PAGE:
Thursday, November 10, 2022
4 p.m. – 5:30 p.m.
McKinney Conference Room, 111 Thayer Street
Reception to follow
This talk will first discuss strategies dictators use to minimize the chance of an elite coup against them. Although elite politics in China in the 1980s was characterized by power sharing, rehabilitated veterans did not want internal challenges to their spheres of influence. Thus, instead of favoring officials slightly younger than them or well-connected princelings, they opted to promote a large number of politically unconnected technocrats to senior positions. Meanwhile, princelings faced resistance to their promotion, especially those who sought positions in Beijing. The result of this decentralized "coalition of the weak" strategy was that by the 2000s, few princelings were still in the running for top positions. Those who were left could draw on their vast networks of princelings, especially princelings in the PLA, in their competition with less-connected technocrats. This created the structural conditions for Xi's complete domination of the party soon after taking power.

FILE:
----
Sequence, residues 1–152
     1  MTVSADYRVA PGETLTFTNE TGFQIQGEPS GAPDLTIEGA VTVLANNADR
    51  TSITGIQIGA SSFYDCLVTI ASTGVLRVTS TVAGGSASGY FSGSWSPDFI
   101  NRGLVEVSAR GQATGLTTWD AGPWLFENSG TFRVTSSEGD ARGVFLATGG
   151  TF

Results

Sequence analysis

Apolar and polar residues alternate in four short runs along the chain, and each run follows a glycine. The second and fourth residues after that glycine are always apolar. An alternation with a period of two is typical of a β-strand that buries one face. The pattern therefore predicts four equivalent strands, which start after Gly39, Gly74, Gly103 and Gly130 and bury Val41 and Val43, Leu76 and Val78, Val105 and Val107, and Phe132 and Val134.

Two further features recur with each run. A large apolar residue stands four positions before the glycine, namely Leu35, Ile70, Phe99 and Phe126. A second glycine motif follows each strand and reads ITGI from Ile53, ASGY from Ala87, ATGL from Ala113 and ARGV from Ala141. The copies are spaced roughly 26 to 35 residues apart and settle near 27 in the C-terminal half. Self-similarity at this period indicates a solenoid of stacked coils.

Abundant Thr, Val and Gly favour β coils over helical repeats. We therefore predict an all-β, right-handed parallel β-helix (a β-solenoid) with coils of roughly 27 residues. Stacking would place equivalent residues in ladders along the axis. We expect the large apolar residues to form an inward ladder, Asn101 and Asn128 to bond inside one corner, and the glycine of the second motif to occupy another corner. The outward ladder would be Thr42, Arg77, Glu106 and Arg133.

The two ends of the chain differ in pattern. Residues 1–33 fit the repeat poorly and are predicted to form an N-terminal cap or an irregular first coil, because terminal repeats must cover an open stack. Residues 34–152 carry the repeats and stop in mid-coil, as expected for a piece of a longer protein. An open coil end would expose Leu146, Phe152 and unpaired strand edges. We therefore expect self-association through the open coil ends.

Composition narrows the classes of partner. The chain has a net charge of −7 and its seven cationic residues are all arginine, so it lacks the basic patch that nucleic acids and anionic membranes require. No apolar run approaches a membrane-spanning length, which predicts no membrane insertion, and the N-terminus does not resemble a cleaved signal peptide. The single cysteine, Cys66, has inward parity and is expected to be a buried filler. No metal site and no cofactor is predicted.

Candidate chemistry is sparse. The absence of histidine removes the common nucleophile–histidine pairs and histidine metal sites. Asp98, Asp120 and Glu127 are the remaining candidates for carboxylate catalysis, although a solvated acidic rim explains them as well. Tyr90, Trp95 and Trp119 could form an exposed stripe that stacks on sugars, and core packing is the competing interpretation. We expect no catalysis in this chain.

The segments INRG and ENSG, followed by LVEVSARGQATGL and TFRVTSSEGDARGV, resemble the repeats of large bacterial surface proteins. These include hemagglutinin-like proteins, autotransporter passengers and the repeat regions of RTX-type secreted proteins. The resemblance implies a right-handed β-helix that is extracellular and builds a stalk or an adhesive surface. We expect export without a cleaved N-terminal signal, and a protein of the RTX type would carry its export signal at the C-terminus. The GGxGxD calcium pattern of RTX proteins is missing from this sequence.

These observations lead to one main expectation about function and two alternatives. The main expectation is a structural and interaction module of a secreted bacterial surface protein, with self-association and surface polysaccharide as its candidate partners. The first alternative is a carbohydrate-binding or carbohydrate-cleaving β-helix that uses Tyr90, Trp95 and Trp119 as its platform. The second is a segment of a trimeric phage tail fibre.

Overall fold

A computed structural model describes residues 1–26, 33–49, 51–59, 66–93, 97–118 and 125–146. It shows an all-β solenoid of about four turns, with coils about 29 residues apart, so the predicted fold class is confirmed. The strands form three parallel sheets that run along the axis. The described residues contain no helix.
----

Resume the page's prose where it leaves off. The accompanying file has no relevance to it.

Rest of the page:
Moderated by Tyler Jost